If you go on youtube, search for David's Passage (stainless bottle kit mod), and he has an absolutely fantastic idea on how to make a little vegetable steamer tray that fits in your cup. It has little wings that hold it halfway down your cup to nestle your veggies on.Brilliant! He uses a different type of metal (what looks like a solid type of grating), and he even mentions that over time, this steamer may break due to constant use by being bent. That may be true, but it will take a long time for that to happen if you use this thing sparingly, and he said he bought a 3 pack for around $1 dollar. So no big loss.
Mine is a different type of material, used from a basket strainer. Each tiny little strand can move, slide, expand, and contract. This might make it a little more durable in terms of when/if it could break. Time will tell. It slips into the bottom of my cup, with the mini infernos sitting on top. The material is the perfect thickness to keep my bottle from rattling around against the cup.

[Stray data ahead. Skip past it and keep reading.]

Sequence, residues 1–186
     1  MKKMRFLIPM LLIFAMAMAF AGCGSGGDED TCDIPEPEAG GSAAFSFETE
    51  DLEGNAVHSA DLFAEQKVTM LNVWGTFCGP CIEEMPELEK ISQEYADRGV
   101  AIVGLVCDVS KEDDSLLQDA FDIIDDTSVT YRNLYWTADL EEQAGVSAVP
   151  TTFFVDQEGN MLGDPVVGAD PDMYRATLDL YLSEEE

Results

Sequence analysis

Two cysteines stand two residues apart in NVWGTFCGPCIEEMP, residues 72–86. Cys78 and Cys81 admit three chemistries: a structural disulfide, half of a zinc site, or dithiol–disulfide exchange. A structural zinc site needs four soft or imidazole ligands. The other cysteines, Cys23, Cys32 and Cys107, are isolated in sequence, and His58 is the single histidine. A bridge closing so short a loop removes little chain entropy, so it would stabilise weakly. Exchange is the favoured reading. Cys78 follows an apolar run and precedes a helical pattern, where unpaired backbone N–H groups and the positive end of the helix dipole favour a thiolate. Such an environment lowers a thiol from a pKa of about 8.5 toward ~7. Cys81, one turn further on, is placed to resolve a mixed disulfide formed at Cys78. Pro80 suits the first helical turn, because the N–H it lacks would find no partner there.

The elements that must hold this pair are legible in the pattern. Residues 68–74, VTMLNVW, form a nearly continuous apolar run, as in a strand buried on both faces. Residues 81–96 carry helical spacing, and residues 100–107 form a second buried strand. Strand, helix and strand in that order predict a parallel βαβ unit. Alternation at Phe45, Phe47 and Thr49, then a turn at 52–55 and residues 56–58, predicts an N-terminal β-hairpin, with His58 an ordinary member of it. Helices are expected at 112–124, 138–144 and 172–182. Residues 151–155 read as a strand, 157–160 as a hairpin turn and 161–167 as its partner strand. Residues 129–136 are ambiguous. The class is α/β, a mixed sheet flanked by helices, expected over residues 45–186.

Again, an absolutely ingenious modification! I simply had to steal this one! Definitely watch the video on youtube. If you are wondering what those holes are in the side of the cup, just wait, I will explain in a couple steps...
This concludes all items that go inside the main compartment. Now to the side pouch!
Step 4: Side Pouch Contents
So inside the little built in side pouch (which is spacious!) I have some goodies. In the pictures you can see 2 baggies. 1 contains a cardboard toilet paper tube with some completely dry wooden shavings I made out of an unused cedar house shingle. Guaranteed to light. I am actually going to replace that with toilet paper... Just haven't gotten around to it. The reason I'm going to replace it, is because of the next item I recently added, which is a little firestarter log. Came in a 15 pack for around 6 dollars at Home Depot, if I remember correctly. This is why I don't need the wooden shavings anymore.
I have a bunch of flavored drink packets. Sometimes it's nice to have some flavored drinks when hiking.
I have an orange waterproof match case with 10 or so stormproof matches. I also glued onto the top of the lid a little compass. It is fairly accurate.